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Writing

Constructed Languages

If constructed languages are required for worldbuilding these days, I'm done for. I've tried on occasion, but it seems to be too much work for too little reward.

Grammar is overwhelming. I mean, I remember the general shape of the declension and conjugation tables back in Latin, and depending how you count it, German has half a dozen or a full dozen of different ways to construct plural forms, and worst of all, when you can speak a language you do not think about grammar much.

But I at least try to have some consistency in the sound of names from the same area (or at least have a reason when I don't... the area Sylvie is from, for instance, is a bit of a melting pot that involved three major langauges, at least), or come up with rough frameworks or little quirks that might inform how someone talks in a second language, or thinks about certain things.

Like, Raaji doesn't have different words for "curse" and "gift"; they are both "qualities bestowed on someone by someone else". There's a contrasting word meaning "inherent trait of a person". Being afraid of cats because as a kid you were accidentally locked in a shed with a cat that got angry and agressive would be the former, as would be being good at embroidery because your grandfather taught you. Being afraid of spiders because you find them just creepy, or being able to get stuff off high shelves because you are tall the latter.

Also, whatever word they use for "yes" starts with R, so when speaking English (or a language I render as English because translation convention) using "right" instead of "yes" seems a likely habit.

Second-language quirks are something I can observe in myself sometimes. For example I don't use "must not". German has the expression "musst nicht". "Musst" alone would be "[you] must", "nicht" would be "not", but put together it means "need not". The English logic is "you must (not-do-that)", the German "you (must-not) do that".

I think scraps and fragments and rough ideas are enough for me. I can't help thinking I should get more systematic about inventing names, when I don't just lift real-world ones.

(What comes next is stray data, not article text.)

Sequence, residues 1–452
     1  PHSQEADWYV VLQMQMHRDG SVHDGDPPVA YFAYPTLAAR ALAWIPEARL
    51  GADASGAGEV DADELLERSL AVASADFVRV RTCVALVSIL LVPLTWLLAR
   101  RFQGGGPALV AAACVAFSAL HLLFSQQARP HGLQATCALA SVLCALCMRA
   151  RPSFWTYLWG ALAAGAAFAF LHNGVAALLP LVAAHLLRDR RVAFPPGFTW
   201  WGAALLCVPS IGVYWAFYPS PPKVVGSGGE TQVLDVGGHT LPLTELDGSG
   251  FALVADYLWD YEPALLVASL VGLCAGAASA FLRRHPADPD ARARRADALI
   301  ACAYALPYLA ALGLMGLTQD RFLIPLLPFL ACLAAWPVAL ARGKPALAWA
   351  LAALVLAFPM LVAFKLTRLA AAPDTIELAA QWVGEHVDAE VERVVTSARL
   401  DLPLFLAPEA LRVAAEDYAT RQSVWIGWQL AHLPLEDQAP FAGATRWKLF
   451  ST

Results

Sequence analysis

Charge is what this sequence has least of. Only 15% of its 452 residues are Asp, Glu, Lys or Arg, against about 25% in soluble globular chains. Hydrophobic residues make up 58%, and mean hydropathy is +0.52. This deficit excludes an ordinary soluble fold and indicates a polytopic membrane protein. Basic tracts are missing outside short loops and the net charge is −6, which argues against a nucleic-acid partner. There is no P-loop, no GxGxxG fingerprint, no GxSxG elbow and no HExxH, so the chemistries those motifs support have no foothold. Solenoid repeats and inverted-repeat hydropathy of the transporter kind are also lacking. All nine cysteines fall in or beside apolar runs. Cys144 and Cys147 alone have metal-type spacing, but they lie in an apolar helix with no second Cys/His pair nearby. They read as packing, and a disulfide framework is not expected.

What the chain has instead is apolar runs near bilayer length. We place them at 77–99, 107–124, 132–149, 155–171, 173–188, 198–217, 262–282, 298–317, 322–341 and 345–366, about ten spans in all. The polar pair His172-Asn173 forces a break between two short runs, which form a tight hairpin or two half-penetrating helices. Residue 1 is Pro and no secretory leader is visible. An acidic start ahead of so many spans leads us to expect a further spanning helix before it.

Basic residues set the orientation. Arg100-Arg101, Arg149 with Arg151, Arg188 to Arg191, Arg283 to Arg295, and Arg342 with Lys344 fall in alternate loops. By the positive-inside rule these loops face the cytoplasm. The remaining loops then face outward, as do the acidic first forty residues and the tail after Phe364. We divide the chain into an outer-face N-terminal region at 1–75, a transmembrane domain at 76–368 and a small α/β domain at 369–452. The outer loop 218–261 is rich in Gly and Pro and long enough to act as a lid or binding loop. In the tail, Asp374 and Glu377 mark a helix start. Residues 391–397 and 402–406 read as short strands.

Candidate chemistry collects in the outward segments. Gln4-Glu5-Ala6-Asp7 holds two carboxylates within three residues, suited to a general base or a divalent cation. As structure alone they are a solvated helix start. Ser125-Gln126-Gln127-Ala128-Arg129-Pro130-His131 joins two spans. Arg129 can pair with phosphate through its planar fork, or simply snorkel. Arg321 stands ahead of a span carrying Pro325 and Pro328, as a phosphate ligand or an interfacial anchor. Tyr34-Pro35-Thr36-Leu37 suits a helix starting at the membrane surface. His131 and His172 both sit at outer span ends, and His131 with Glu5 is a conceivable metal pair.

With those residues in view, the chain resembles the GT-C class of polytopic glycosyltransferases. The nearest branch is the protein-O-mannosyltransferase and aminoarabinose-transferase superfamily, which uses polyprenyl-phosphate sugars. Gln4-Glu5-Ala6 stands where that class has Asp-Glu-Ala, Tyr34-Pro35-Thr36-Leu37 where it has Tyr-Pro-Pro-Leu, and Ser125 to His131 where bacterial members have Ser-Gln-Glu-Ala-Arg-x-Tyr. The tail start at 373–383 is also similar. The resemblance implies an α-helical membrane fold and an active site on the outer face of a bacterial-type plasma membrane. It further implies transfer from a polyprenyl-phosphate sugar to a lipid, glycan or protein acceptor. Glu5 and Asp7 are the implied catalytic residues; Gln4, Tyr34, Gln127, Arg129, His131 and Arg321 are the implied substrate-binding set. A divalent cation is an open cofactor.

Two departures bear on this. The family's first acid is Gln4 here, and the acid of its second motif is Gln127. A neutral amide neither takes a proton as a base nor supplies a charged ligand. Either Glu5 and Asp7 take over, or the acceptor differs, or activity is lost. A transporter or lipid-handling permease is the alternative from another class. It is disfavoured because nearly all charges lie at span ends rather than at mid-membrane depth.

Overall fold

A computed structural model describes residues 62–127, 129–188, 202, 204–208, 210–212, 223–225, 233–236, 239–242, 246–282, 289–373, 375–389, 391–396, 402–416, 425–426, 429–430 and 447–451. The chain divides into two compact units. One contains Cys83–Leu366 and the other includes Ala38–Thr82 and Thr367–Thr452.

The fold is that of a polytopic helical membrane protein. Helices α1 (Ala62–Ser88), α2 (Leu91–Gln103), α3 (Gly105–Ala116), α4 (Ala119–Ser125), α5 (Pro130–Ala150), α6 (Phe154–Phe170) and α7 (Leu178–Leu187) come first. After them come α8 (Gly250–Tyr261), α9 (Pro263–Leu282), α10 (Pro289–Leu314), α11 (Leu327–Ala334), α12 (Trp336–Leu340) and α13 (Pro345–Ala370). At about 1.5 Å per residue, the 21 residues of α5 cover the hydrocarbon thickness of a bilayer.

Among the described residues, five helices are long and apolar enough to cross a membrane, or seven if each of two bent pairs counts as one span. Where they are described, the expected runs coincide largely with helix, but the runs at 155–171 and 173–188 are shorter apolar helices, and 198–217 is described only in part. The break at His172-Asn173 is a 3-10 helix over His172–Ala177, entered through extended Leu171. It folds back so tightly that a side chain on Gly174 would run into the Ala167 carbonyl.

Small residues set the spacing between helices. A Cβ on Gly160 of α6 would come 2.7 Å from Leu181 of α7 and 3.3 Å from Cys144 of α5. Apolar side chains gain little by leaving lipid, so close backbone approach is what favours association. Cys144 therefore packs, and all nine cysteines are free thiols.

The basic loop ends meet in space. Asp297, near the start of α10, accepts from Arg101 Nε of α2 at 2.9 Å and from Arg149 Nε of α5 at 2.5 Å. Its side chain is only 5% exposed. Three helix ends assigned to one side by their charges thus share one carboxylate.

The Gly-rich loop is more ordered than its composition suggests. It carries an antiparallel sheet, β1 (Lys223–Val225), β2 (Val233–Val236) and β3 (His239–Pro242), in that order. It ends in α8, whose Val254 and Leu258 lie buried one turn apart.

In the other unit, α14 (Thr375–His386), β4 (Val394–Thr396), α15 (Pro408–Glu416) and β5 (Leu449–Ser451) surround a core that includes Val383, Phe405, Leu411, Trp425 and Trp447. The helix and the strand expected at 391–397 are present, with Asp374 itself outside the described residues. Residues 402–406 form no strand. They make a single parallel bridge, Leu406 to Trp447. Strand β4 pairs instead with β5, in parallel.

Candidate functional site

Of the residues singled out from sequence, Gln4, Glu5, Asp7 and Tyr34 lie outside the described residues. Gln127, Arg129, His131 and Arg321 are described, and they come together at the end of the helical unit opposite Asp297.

What's something interesting you noticed when you learned a foreign language? When considering secondary world fiction, what do you think of fantasy names vs names you find in the real world, too?

NaNoWriMo is nearly upon us

...and a lot of people are going to give writing a novel draft in November a shot.

Last year went pretty well for me, with a story I had sort-of plotted out; my ideas are rather more vague this year.

What I remember from last year was that a major stumbling stone were names. The story took place in a constructed world, and I didn't want to use too many real world names for characters... I think that never-touched-again manuscript is still full of people called [insert name here]. Which does bolster the word count a bit, but, well, it was a bit time lost for every character who showed up that made me think, "OK, so what do I call them?" before I gave up.

Therefore this year I'll make up a list of names that sound right for the location, so I can just pick one when a new supporting character shows up.

For names from the real world, I may turn random name generator at behindthename.com. A quick test run chosing only German names makes it look like the generator honours the category choice for last names, too. I wouldn't rely on the site alone for actual real world settings, since there's no telling when a given name was actually used, but it's good enough for my science-fantasy. It should help getting some names that are not from English or German in there.

Other things that might be good to determine in advance:

  • What's a polite way to adress someone?
  • What ranks are there in the police/security force?

I'm sure I'll think of more, once November starts.

I'm Anke at the NaNo website, in case anybody would like to add me as a writing buddy.

What are your last minute preparations?

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